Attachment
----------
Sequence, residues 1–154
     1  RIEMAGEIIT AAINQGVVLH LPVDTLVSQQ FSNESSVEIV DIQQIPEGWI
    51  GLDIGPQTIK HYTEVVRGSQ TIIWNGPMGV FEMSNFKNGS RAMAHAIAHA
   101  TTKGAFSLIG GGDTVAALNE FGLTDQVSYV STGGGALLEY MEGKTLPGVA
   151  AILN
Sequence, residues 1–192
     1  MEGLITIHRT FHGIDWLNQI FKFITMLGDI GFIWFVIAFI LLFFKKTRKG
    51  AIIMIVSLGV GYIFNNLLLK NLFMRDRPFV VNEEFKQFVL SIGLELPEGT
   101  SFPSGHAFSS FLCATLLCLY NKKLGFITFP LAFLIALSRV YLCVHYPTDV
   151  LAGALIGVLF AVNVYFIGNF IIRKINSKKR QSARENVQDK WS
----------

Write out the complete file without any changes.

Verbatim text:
Sequence, residues 1–154
     1  RIEMAGEIIT AAINQGVVLH LPVDTLVSQQ FSNESSVEIV DIQQIPEGWI
    51  GLDIGPQTIK HYTEVVRGSQ TIIWNGPMGV FEMSNFKNGS RAMAHAIAHA
   101  TTKGAFSLIG GGDTVAALNE FGLTDQVSYV STGGGALLEY MEGKTLPGVA
   151  AILN
Sequence, residues 1–192
     1  MEGLITIHRT FHGIDWLNQI FKFITMLGDI GFIWFVIAFI LLFFKKTRKG
    51  AIIMIVSLGV GYIFNNLLLK NLFMRDRPFV VNEEFKQFVL SIGLELPEGT
   101  SFPSGHAFSS FLCATLLCLY NKKLGFITFP LAFLIALSRV YLCVHYPTDV
   151  LAGALIGVLF AVNVYFIGNF IIRKINSKKR QSARENVQDK WS